Monday, September 13, 2021
For the fourth consecutive time, the New Jersey Public Employees Occupation Safety and Health (PEOSH) Program has found no proof of workplace hazards in response to a complaint filed July 26, 2021.
“Once again, the state has closed the case with no finding of wrongdoing, fully exonerating the county,” stated County Executive Dennis Levinson. “We remain in full compliance with state requirements to protect the health and safety of our workforce.”
Levinson explained that between December 2020 and March 2021, the county received numerous complaints of hazardous conditions that allegedly occurred at the county office building in Atlantic City and the Shoreview Building in Northfield. The state failed to find any violations or hazardous conditions at either location.
The most recent complaint involved conditions at the county office building in Atlantic City after a lightning strike damaged the building’s air conditioning system. The complaint alleged the building temperatures exceeded 80 degrees Fahrenheit, resulting in a workplace hazard.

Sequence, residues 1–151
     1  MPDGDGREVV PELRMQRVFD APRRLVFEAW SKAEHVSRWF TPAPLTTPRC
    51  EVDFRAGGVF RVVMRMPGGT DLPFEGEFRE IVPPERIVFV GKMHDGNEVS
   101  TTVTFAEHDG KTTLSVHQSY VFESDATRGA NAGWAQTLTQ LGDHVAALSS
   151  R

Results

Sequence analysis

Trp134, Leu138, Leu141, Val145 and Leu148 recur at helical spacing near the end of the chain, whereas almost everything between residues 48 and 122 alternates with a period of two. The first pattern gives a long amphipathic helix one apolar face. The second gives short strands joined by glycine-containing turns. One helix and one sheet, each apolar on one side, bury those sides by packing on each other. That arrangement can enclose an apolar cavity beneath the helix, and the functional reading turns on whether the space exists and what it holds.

The county sent employees who worked in the building home. The building remained closed for four work days while the county installed an emergency replacement chiller.
The building’s temperatures, air flow and air quality were repeatedly tested prior to employees being directed to return to work to ensure the new chiller was operating sufficiently and meeting all requirements.
“This most recent complaint is particularly baffling because the building was closed and employees were at home,” Levinson stated.
By law, each of these complaints requires a written response within 15 days with a detailed explanation and extensive documentation.
“It’s a time-consuming process and that time could be better spent assisting our residents,” he said. “The employees who continue to file these complaints know they are unsubstantiated. Fortunately, their actions do not reflect the vast majority of our workforce.”